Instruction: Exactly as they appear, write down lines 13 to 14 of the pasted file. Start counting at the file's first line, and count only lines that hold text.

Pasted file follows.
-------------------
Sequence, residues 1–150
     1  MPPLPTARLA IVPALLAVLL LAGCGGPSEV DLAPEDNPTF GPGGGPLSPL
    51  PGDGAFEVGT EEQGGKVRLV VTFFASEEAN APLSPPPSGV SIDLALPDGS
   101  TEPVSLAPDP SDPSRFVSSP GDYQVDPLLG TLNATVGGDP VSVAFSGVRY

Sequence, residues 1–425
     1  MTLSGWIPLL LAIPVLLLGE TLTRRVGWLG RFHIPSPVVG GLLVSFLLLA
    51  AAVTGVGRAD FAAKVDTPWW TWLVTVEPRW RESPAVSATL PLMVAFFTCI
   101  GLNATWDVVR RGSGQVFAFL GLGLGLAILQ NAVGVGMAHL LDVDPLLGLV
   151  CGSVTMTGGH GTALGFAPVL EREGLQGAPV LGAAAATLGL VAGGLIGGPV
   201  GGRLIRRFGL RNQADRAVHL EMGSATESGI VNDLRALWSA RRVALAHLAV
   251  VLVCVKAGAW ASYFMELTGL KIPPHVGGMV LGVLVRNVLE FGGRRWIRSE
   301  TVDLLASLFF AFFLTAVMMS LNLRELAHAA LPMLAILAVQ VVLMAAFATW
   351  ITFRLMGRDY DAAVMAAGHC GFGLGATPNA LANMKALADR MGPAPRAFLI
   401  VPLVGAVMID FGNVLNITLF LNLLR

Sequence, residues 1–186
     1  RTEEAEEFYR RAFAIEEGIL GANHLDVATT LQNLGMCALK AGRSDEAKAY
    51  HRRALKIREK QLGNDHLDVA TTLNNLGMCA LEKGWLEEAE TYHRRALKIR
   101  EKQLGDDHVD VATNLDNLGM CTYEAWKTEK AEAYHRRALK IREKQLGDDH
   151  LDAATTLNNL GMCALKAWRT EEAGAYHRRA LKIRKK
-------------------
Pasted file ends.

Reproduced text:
   351  ITFRLMGRDY DAAVMAAGHC GFGLGATPNA LANMKALADR MGPAPRAFLI
   401  VPLVGAVMID FGNVLNITLF LNLLR